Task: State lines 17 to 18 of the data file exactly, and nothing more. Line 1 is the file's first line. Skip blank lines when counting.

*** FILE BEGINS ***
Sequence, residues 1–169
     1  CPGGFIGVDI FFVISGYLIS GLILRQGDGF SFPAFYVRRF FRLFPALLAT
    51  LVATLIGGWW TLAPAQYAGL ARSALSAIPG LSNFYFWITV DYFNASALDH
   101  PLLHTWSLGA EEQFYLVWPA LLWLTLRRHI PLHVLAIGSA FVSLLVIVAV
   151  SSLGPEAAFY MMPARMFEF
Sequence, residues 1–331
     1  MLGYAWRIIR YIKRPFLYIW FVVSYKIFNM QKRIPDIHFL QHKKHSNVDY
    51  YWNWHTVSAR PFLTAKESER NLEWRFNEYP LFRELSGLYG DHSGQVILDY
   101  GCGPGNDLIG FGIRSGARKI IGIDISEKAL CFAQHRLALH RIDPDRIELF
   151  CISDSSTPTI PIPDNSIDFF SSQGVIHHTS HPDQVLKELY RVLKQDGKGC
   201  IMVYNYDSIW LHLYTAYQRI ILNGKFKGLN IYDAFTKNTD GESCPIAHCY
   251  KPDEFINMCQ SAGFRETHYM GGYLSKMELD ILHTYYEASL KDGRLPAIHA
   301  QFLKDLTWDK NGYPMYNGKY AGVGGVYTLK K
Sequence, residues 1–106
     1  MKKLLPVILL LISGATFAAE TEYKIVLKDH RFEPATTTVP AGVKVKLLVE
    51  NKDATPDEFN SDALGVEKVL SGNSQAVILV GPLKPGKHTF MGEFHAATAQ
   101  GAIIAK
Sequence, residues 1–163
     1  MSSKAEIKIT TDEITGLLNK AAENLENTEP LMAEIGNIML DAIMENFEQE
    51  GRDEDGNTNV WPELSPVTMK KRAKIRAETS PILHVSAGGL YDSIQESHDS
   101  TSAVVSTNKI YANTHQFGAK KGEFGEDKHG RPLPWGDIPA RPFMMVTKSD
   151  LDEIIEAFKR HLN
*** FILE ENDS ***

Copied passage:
   101  GAIIAK
Sequence, residues 1–163